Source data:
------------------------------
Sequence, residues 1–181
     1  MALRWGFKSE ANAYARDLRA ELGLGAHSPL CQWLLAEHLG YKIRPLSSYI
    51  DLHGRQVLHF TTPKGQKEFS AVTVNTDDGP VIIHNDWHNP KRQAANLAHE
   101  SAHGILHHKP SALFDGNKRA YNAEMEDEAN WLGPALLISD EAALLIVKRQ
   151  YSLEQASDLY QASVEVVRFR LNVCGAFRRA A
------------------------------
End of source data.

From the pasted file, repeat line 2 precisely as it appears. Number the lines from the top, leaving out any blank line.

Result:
     1  MALRWGFKSE ANAYARDLRA ELGLGAHSPL CQWLLAEHLG YKIRPLSSYI